A large hospital in a city could deal with that volume, but in rural areas, a 975-dose shipment will need to be broken up into smaller ones—all while making sure the vials stay ultracold. “The other potential would be only shipping that vaccine to our more urban areas,” says Molly Howell, North Dakota’s immunization program manager, “but then we’re leaving out a lot of people who are health-care workers in rural areas or at high risk in rural areas.” To get the vaccine out to those places, her department is looking into buying frozen-transport coolers and potentially a dry-ice machine. If North Dakota is allocated, for example, 2,000 doses, the state will have to open the thermal shipper, repackage smaller allotments in dry ice, and physically drive them to rural clinics across the state. The vaccines are too precious to risk shipping conventionally.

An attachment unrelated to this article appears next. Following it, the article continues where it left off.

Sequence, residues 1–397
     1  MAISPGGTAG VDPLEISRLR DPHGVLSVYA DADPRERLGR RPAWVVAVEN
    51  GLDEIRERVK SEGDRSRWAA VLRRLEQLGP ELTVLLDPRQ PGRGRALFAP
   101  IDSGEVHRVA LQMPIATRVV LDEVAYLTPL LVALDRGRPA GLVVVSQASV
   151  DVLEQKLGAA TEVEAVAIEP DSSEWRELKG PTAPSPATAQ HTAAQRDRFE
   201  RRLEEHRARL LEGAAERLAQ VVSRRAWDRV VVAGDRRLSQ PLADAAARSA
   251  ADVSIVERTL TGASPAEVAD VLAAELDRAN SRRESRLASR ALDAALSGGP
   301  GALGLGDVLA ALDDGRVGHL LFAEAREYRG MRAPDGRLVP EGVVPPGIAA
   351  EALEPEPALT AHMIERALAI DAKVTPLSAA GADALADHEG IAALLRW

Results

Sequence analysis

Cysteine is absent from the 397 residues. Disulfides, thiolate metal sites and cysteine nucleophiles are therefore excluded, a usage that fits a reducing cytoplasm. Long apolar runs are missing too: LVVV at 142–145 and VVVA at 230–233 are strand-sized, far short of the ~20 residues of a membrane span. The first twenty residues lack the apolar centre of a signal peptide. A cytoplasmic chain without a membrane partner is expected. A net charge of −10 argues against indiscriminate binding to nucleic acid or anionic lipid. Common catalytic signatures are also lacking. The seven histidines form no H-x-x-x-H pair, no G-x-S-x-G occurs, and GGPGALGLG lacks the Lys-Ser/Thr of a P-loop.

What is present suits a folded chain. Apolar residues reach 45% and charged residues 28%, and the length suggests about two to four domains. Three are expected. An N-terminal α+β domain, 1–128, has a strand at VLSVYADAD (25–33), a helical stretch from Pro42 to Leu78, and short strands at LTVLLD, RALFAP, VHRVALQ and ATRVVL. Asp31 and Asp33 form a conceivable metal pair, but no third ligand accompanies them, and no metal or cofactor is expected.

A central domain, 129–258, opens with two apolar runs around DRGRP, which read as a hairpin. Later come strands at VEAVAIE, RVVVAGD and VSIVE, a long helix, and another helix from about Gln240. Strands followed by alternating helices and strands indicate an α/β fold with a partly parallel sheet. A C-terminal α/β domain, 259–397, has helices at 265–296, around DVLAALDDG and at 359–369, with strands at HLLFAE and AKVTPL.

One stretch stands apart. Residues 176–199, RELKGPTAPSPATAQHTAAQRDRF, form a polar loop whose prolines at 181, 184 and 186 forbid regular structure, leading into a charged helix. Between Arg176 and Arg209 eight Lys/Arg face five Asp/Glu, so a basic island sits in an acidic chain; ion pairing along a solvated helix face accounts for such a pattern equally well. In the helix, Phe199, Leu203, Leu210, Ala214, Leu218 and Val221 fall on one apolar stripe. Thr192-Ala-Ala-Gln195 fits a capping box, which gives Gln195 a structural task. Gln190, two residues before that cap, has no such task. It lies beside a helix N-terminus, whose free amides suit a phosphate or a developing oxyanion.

The storage and handling requirements for these vaccines are especially stringent, but they’re also especially uncertain. In time, it may turn out that these mRNA vaccines can be stored at higher temperatures or can be reformulated to be stored at higher temperatures, as other vaccines have been. Scientists are actively trying to create more stable lipid nanoparticles, and Pfizer says it is working on a freeze-dried version of its vaccine that can be kept in normal freezers. These incremental improvements in storage are a normal part of the vaccine-development process, but they take time. For example, Kathleen Neuzil, a vaccine researcher at the University of Maryland School of Medicine, points out that the flu vaccine FluMist initially needed to be frozen but can now be stored at normal fridge temperatures. (Neuzil is also an investigator on the Pfizer/BioNTech-vaccine trial.) In the August CDC meeting where Pfizer unveiled the thermal shipper, a CDC official interjected to tell stakeholders not to go out and buy freezers in anticipation of a vaccine. The agency was exploring other storage solutions, and the requirements could change.